Enabling the inspiration generation

During one of my many epic walks around Palo Alto last week, I stopped and tapped this into my phone:


Let me explain.

When I started out in mobile almost seven years ago, there were very few people working in the space, which meant there were very few people to turn to for support, guidance or advice. In fact, there were so few people with any meaningful experience I was offered my first major piece of mobile work based on my IT knowledge and conservation/development experience alone. Today, there would have been dozens – if not hundreds – of applicants for that job and it’s unlikely I’d have stood a chance.

But getting a chance is what it’s all about. When kiwanja.net officially came into being towards the end of 2003, it took me almost four years to get any serious traction, let alone funding. Emails went unanswered, requests for charity-rates at conferences were snubbed, begging letters to mobile operators and handset manufacturers were blanked. It may be hard at the top, but it’s harder at the bottom. That’s why, today, I never forget what it was like when I started out. And that’s why I never take anything for granted, and why I never forget to make time to help students, researchers, NGOs, organisations – anyone from all walks of life, in fact – who find themselves working their way off that first rung of the mobile ladder.

UN Youth AssemblyLast Friday I attended the UN Youth Assembly in New York. If there’s one thing I love – other than having my own name plate, of course – it’s talking to a room full of fearless students. I spent the best part of this morning following up on their emails, the fallout of my short talk on kiwanja.net and FrontlineSMS.

If we can help anyone on their journey, then we should. Whether that be giving advice or a positive critique on an idea, helping raise awareness through blog posts, giving tips on fundraising, making introductions to other projects and people with the same interests, or offering to be a future soundboard as their ideas grow and develop. These are all things I didn’t have when I started out, and using them productively now that I do is one of the biggest contributions I believe I can – and should – make to the future growth of our discipline. Our legacy shouldn’t be measured in the projects or tools we create, but in the people we serve and inspire.

In the mobile world we talk a lot about project sustainability, but little about human sustainability. If we’re to have any chance of ongoing success then we need to attract the brightest young minds to the “mobile for development” field, and then give them all the support they need to keep them there. Empowerment isn’t just something we do in a distant land. There’s plenty we can be doing on our own doorstep.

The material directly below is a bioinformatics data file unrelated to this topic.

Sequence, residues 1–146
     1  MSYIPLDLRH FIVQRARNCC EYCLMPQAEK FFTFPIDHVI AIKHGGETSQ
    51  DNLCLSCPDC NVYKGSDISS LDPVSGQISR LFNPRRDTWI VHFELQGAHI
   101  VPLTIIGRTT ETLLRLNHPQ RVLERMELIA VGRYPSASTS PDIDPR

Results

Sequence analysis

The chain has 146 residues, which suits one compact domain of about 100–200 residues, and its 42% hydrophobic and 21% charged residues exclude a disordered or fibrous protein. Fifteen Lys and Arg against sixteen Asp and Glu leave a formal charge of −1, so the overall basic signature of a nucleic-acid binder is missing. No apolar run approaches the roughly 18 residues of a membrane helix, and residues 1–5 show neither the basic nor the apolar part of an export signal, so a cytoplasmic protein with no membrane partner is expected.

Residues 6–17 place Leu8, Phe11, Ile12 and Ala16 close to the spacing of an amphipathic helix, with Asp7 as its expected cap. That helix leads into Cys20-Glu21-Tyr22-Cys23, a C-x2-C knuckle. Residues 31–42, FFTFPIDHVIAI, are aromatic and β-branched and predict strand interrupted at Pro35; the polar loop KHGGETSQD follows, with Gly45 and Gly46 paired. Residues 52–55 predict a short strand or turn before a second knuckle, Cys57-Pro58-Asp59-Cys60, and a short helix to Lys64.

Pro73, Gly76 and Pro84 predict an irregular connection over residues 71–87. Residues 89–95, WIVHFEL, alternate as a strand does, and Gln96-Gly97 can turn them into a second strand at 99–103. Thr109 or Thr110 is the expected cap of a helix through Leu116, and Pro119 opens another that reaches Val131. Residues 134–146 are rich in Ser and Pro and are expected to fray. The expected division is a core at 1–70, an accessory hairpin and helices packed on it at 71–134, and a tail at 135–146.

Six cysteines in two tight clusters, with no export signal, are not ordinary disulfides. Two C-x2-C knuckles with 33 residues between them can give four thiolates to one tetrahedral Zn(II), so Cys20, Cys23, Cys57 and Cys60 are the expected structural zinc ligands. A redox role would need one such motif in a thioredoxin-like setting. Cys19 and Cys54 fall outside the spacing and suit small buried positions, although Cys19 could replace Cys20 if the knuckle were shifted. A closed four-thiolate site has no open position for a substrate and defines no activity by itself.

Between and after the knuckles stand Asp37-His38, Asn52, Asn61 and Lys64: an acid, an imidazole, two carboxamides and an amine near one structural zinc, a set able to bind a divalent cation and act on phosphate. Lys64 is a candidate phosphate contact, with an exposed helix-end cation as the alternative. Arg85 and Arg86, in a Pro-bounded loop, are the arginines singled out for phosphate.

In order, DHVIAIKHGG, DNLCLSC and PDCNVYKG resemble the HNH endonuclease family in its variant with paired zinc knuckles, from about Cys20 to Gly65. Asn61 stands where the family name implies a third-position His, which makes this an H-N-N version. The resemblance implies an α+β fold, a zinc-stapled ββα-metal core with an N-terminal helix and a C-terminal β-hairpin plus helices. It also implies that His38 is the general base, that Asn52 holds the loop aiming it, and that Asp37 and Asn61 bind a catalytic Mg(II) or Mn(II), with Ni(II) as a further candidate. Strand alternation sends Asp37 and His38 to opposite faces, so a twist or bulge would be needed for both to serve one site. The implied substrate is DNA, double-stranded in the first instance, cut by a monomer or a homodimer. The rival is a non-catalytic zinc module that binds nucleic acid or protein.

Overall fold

It’s a different kind of empowerment, but that doesn’t make it less valuable. If anything, it’s more so.

65 thoughts on “Enabling the inspiration generation

  1. Michael Riggs says:

    Kudos to you for writing this. Too often we get caught up in our day to day work and forget it’s just that – today’s work – with not enough thought about “tomorrow” and who will follow us. Yet it is the essence of development work is it not? Working today for a better tomorrow.

    Being able to inspire, motivate and guide younger people is a real gift that individuals often overlook and many organizations fail to nurture. Here’s to developing in that area as well! 🙂

  2. James says:

    Inspirational post. Needs to be said, and you said it! It’s so easy to forget that we all had to start somewhere. Thanks for this..

  3. Mike says:

    Bravo, Ken!
    In an era of instantaneous, always-on connections, the ‘urgent’ can often crowd out what is actually important.
    Thanks for the reminder.

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  9. Paul_S says:

    Have to agree with all these comments.

    Wonderful to read an inspiring post about the need to be inspiring! This is a message we all need to carry with us. Negativity is easy. Positivity takes more effort.

    Thank you!

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  12. Miraj K says:

    thank you Ken! this was truly inspiring & gave me renewed confidence. to keep trying to convince people that mobile [+social] computing is the future.

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  19. Mark Lundy says:

    Words to reflect on, often, for those of us lucky enough to make a living working with and for others. As a friend in Colombia once said when I was an intern at the NGO where he worked, “I’ll pay for lunch today because I have a job and you do the same for other young people starting out tomorrow”. Saying thanks and helping others not only empowers but it also keeps us grounded despite the rush of events.

    Kudos on a great post.

  20. kiwanja says:

    Thanks everyone for their kind comments and thoughts. Great to know there are so many people out there with similar passion and drive. 🙂

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